Another question I have is trying to hire into a FedEx job or something similar where the flying is done by a single pilot in a Cessna Caravan...what type of time and what type of equipment experience are they looking for? Obviously as a new Comm. ticket holder or even a new CFI, there isn't a lot of opportunities to gain that turbine experience, but is that was is needed to qualify for that all elusive single pilot turbine cargo job?
Thanks for your help.
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Old 05-29-2008, 07:37 AM
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Originally Posted by Otto123 View Post
I am in the same situation and am doing my Comm. SEL practical this next week. It seems from some of your responses that since Multi is (well everything is these days) so expensive that the best route for the Comm. MEL may be to fly the dual and test for the Private MEL after 15 hours? The rest of the hours building for the Comm. MEL can then be logged as PIC correct? I have asked the question many times to the local flight instructors about what the savings may be to do the ME training after becoming a flight instructor with the school...oddly enough, I have never really gotten a straight answer? I know all schools won't charge the same, but I was wondering if there may be an average cost savings.
Another question I have is trying to hire into a FedEx job or something similar where the flying is done by a single pilot in a Cessna Caravan...what type of time and what type of equipment experience are they looking for? Obviously as a new Comm. ticket holder or even a new CFI, there isn't a lot of opportunities to gain that turbine experience, but is that was is needed to qualify for that all elusive single pilot turbine cargo job?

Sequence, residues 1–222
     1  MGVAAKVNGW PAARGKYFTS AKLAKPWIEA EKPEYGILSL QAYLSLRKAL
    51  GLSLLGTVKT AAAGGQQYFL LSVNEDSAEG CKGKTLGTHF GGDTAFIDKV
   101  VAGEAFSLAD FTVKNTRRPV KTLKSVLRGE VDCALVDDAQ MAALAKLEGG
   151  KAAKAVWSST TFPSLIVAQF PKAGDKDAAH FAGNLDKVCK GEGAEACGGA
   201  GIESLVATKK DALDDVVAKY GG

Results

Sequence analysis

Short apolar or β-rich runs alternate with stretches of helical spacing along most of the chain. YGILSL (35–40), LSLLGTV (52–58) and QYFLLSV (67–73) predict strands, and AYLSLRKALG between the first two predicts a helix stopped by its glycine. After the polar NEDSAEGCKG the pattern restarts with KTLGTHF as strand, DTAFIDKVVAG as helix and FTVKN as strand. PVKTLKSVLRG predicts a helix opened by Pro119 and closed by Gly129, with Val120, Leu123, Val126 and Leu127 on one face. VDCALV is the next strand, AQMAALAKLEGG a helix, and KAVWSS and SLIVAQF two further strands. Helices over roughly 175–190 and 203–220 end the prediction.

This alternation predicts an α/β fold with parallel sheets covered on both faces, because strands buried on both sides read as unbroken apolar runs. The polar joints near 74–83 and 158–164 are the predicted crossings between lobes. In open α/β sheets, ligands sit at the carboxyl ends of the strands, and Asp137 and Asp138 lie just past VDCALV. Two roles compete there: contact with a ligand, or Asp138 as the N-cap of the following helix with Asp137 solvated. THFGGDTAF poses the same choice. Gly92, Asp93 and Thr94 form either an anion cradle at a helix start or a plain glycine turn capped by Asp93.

Thanks for your help.
To determine the incremental cost increase for doing Comm time-building in a twin is easy...

Figure out how much of your time-building can be accomplished in the twin. Exclude your intial ME rating, since you would have to pay for that anyway.

Let's say you come up with 130 hours, of which maybe 30 will need to be dual (I'm just using these numbers, calculate your own).

Find the cost of 100 hours solo and 30 hours dual in an ASEL.

Now find the same cost for the AMEL.

Subtract the two, and divide by 130 hours. You are going to have to spend the ASEL money either way, so this is the extra amount you pay for that twin time...

Example:

ASEL: 100 x $85 = $8500
ASEL Dual: 30 x $120 = $3600
Total = $12,100

AMEL: 100 x $170 = $17000
AMEL Dual: 30 x $200 = $6000
Total = $23,000

Incremental: $23,000 - $8,000 = $15K

$15K/130 = $115. This means that you would be getting 130 hours of ME time for a net cost of $115/hour...pretty good deal (but please run your own numbers).

Some things to consider: If money is tight, you might not be able to afford to do this, even though it is a good deal. In that case you will get all your ASEL ratings, get a job and then try to get twin time. Maybe you can get an MEI job at some point...if you know for sure that you will have an MEI opportunity, then don't buy extra twin time.